My surprising negotiating strategy

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When I first broke off from my job in investment banking and went into business for myself, I negotiated like a jerk.  I was convinced that winning the early rounds of negotiations about setting things up was incredibly important, because doing so would set a precedent for how things would be in the future. I still have a long letter James Palumbo, the owner of Ministry of Sound, wrote me, which explained, at great length and in painful detail, how my aggression and short-sightedness were going to ruin my career.

Obviously at the time, I thought James was a dick. Now, I realize he was 100% right and looking out for me. Why? Because if you insist on always winning battles, what happens is that you end up only working with the type of people who are willing to allow you to bully them into accepting bad terms for themselves. Seems pretty obvious that these are not the type of people you want to be in business with!

So I have a new policy with potential partners. You can think of it as “Yes, and…”. Here’s how it works:

  • If a potential partner with whom I want to work offers me terms, my default setting is to accept them if at all possible. I figure either the terms will work for me or, if they don’t, we can re-negotiate after I’ve demonstrated the value I bring to my partner;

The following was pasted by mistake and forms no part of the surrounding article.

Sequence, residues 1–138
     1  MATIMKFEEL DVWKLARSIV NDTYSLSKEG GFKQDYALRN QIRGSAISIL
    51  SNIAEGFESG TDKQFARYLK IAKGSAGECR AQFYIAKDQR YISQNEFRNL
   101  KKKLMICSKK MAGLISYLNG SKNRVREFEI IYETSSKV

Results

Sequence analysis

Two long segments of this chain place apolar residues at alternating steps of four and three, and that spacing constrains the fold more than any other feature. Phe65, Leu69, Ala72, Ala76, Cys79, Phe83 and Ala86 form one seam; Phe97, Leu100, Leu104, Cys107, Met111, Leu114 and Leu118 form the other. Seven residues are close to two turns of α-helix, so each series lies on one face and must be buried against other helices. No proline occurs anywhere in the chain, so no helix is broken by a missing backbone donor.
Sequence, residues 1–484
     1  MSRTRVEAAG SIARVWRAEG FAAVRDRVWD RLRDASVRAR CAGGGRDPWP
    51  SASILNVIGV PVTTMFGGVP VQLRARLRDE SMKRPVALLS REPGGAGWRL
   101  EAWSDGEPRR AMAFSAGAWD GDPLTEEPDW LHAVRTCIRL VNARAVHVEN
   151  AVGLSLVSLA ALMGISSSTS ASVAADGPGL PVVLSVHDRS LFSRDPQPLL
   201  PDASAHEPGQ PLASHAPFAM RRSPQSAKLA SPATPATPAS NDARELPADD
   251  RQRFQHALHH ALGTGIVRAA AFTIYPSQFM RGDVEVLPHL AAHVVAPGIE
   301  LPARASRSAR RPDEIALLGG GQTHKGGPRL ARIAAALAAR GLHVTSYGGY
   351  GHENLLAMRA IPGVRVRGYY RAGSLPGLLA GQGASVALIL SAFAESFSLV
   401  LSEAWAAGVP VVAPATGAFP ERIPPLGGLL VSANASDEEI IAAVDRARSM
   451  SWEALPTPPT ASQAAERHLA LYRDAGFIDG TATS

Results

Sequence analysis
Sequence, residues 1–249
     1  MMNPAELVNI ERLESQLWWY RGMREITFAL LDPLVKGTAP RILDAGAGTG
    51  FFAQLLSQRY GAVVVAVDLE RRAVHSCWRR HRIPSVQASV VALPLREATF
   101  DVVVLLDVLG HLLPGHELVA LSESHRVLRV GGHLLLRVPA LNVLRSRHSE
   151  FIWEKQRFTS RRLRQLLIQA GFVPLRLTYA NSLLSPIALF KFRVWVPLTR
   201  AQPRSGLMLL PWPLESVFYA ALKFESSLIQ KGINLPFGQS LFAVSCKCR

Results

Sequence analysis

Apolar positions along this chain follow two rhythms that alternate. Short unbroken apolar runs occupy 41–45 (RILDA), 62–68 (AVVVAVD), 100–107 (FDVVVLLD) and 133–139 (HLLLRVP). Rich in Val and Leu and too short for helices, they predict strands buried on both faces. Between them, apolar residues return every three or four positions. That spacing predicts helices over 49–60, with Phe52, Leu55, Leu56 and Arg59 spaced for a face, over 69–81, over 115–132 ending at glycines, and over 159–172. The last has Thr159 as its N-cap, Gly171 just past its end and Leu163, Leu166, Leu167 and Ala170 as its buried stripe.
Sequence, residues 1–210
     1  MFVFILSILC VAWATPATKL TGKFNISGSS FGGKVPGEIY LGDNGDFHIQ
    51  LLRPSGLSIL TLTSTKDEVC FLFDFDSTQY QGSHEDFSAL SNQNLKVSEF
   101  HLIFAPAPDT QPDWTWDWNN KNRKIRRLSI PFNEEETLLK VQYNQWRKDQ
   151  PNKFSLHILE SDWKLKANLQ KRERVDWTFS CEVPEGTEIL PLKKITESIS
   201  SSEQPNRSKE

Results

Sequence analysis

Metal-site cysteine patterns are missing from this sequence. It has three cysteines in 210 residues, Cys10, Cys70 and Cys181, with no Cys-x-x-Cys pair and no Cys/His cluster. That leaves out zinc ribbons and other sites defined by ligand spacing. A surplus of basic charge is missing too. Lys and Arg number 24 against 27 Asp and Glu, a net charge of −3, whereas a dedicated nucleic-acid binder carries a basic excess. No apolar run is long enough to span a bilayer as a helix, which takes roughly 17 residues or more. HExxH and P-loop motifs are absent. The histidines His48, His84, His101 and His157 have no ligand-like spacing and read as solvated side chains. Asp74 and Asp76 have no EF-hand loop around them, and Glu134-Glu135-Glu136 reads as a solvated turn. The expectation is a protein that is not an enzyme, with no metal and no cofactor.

• If I really can’t accept the terms as offered, then I try to figure out how to accept them but add something that makes the deal work for me. That’s the “Yes, and…” part.

Now, obviously there are times when a deal can’t be reached. No, I’m not selling your property for 2%, or giving you half of my buy-side commission.

But most of the time, and particularly when I’m dealing with experienced, successful people, my strategy works really well. Why? Because you have to be a real idiot to strike a partnership arrangement where your partner is getting screwed. Successful people know this, so they bend over backwards to create situations where they prosper when their partners prosper.

As between (1) entering into win-wins with successful people, or (2) brow-beating inferior people into accepting bad terms, I’ll take Option 1 every single time. You get further in life swimming with the current, rather than against it.

P.S.: Thanks, James.

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